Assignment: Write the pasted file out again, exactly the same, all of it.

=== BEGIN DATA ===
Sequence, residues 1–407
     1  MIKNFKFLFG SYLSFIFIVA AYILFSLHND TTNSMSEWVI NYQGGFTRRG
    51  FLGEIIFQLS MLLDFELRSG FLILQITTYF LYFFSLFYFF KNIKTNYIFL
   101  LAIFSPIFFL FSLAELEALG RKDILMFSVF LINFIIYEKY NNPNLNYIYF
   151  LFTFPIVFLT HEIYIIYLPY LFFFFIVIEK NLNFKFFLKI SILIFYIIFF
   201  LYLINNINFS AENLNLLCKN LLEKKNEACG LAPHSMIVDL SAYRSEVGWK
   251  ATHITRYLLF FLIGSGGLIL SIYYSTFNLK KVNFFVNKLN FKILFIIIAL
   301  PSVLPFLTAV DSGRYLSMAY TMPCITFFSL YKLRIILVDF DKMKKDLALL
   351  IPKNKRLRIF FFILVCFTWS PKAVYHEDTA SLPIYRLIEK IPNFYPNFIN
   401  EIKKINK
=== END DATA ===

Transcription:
Sequence, residues 1–407
     1  MIKNFKFLFG SYLSFIFIVA AYILFSLHND TTNSMSEWVI NYQGGFTRRG
    51  FLGEIIFQLS MLLDFELRSG FLILQITTYF LYFFSLFYFF KNIKTNYIFL
   101  LAIFSPIFFL FSLAELEALG RKDILMFSVF LINFIIYEKY NNPNLNYIYF
   151  LFTFPIVFLT HEIYIIYLPY LFFFFIVIEK NLNFKFFLKI SILIFYIIFF
   201  LYLINNINFS AENLNLLCKN LLEKKNEACG LAPHSMIVDL SAYRSEVGWK
   251  ATHITRYLLF FLIGSGGLIL SIYYSTFNLK KVNFFVNKLN FKILFIIIAL
   301  PSVLPFLTAV DSGRYLSMAY TMPCITFFSL YKLRIILVDF DKMKKDLALL
   351  IPKNKRLRIF FFILVCFTWS PKAVYHEDTA SLPIYRLIEK IPNFYPNFIN
   401  EIKKINK